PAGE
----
Ask no questions and hear no flies
Autumn has slipped into winter, which is alarming, seeing as how summer never quite got around to arriving.
Granted, winter in this area generally just means more blue skies, with breathlessly cold mornings.
We probably won’t have an opportunity to make snowpeople on our lawn – I remember the Great Motueka Snow Dusting of 2010, when my partner insisted I take photos outside our flat, and I regarded him with South Otago distain while reminiscing about the epic snowdrifts of my childhood.
There are a couple of benefits to the onset of winter, however.
The first: I’m thinking about braving a righthand turn on to High Street. (Not the Greenwood Street intersection, though. Never that.)
The second: all of these disgusting houseflies must surely now go into hibernation.
I’ve been hissing in fury at all of the flies in my house for months now.
There have been so many. They’ve invited friends. They’ve had parties. My disgust seems to entice them.
Friends and I lament to each other that it’s been a particularly bad year for them.
It’s not that our houses are dirty, we console each other – not very, we amend in a tiny footnote.
So how to rid ourselves of them? I was willing to try anything, as long as I didn’t have to resort to those hideous sticky strips. My all-natural fly spray literally left a weird taste in my mouth.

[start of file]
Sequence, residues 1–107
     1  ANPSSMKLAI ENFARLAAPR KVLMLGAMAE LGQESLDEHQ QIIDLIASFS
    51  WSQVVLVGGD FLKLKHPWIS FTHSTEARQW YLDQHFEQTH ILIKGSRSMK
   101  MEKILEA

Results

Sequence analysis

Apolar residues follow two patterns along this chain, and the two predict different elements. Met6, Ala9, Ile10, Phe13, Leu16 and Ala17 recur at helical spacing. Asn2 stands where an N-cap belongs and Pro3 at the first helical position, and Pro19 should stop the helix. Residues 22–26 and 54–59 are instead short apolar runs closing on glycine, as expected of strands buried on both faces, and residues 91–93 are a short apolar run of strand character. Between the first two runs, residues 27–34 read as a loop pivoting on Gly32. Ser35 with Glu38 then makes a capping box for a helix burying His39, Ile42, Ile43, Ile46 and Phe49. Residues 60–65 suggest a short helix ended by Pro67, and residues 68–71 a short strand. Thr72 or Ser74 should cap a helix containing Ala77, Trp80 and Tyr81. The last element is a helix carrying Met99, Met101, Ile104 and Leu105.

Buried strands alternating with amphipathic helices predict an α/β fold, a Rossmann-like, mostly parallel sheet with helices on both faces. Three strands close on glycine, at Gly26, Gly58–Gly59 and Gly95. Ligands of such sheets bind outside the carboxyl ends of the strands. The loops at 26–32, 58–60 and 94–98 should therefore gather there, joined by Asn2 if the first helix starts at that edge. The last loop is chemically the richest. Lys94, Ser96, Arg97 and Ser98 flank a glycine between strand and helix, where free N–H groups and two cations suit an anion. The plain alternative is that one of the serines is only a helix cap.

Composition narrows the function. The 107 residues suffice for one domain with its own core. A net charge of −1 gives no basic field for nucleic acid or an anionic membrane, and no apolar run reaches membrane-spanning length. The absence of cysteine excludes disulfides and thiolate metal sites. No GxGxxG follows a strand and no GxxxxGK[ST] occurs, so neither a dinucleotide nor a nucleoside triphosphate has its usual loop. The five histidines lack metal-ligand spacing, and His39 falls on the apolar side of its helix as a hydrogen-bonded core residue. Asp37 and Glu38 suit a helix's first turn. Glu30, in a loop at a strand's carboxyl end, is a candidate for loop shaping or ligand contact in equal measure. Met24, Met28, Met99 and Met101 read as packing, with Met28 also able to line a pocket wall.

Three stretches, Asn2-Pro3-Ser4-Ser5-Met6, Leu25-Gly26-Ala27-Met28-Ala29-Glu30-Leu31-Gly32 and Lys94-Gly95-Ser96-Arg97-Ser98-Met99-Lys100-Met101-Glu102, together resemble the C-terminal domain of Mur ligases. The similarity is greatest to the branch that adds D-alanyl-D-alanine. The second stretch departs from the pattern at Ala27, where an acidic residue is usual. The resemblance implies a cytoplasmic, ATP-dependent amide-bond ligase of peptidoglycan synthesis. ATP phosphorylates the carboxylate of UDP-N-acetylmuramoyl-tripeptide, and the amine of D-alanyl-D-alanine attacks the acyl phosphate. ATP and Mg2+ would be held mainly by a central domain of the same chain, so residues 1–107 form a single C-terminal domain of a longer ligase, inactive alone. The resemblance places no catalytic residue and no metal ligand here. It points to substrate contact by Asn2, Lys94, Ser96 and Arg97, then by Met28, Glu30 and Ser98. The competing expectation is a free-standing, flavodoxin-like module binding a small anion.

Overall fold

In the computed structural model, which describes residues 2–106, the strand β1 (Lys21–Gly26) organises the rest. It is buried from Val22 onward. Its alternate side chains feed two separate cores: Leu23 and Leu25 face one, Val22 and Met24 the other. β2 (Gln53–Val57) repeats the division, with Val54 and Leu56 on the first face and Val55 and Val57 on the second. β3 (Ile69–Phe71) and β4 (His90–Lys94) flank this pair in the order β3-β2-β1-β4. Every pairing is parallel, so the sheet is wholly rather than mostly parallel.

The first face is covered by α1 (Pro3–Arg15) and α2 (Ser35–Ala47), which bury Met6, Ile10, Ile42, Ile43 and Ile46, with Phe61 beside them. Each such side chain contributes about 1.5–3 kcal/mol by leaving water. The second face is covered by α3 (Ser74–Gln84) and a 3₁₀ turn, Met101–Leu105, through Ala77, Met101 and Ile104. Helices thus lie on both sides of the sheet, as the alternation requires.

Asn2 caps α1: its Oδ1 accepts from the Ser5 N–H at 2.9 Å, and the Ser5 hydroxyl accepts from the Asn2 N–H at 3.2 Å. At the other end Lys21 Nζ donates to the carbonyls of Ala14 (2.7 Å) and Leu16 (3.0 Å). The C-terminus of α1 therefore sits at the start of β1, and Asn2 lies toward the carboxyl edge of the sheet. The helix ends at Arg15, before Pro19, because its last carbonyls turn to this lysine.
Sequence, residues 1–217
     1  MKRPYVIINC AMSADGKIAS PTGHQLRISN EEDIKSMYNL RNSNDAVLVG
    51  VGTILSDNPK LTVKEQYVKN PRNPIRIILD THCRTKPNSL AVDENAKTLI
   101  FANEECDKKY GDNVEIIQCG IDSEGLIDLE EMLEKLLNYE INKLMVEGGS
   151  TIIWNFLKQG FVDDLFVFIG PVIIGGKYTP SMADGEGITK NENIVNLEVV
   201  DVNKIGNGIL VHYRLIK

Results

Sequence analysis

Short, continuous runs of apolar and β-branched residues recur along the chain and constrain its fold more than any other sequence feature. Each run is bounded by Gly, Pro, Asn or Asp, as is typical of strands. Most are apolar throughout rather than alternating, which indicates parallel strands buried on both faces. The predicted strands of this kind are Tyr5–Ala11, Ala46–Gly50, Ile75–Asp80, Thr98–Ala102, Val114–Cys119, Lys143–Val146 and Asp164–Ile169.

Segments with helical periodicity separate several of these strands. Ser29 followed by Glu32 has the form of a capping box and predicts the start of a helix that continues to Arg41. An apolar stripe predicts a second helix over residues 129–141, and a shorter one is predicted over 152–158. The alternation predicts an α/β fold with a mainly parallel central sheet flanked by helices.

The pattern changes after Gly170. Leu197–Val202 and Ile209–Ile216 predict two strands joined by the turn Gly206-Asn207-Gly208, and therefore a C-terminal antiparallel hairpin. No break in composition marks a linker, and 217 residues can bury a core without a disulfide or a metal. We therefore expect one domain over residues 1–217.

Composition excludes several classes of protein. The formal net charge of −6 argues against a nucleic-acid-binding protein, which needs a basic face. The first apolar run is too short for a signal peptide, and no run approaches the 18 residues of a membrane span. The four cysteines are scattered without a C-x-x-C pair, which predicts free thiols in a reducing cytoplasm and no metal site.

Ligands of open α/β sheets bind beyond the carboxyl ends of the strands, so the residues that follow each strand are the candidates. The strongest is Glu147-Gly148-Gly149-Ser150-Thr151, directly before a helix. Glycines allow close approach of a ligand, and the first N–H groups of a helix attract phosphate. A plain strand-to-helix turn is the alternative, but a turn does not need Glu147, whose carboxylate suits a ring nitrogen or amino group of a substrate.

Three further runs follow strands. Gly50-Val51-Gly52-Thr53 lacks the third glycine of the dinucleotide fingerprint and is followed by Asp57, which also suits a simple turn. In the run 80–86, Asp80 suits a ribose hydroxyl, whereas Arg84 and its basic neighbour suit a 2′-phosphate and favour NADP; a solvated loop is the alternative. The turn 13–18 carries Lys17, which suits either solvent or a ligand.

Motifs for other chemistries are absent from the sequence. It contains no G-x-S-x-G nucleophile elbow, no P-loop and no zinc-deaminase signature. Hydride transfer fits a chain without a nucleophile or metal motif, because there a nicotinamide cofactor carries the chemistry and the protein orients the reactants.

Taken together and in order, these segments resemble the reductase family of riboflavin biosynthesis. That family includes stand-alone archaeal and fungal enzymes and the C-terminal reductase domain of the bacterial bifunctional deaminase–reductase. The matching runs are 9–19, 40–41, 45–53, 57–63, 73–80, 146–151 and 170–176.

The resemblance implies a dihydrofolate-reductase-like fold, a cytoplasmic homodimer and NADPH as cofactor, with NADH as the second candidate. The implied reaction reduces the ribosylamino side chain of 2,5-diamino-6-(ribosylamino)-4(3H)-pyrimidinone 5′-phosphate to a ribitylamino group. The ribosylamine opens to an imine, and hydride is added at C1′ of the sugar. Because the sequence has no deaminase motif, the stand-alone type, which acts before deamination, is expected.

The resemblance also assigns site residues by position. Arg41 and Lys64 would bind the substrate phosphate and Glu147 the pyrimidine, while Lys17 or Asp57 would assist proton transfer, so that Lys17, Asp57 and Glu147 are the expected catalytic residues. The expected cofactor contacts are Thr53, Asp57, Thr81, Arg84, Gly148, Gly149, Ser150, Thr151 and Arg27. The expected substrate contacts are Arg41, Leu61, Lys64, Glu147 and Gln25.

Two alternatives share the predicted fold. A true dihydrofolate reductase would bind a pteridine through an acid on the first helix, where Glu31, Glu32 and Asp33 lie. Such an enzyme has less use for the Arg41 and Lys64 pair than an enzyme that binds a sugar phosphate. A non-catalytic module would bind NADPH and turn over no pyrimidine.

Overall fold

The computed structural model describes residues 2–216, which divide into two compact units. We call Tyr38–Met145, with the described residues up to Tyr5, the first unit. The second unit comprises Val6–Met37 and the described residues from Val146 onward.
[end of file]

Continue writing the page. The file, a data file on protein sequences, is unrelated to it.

I like those nifty tennis-bat zappers but can’t be trusted with them - I once flailed at a mosquito in the dark, and gave my poor longsuffering bedfellow an electrifying wakeup (we can laugh about it now).
I begged for help from the crystal ball that is Google. Boil rosemary sprigs, it advised sagely. I did.
My house smelt lovely. The flies thought so too. They crept closer. They landed on my wooden spoon.
In despair, I went to Mitre 10 and bought some discreet cardboard flybait corners with sticky inners, for $20. One hundred per cent of flies will enter within 48 hours, the packaging promised.
And perhaps the flies did enter, but they didn’t like the de´ cor, so zero per cent stayed.
I returned the useless corners to the hardware store, and reached instead for the hateful unsophisticated $3 strips. Their viscous yellow goo was garish against my white walls.
But you know what? With every droning black invertebrate that met its sticky end on them – 47 flies fused to one, and a pleasingly even 50 to the other – those hideous strips became a little more beautiful.
The common house fly makes a lousy house guest.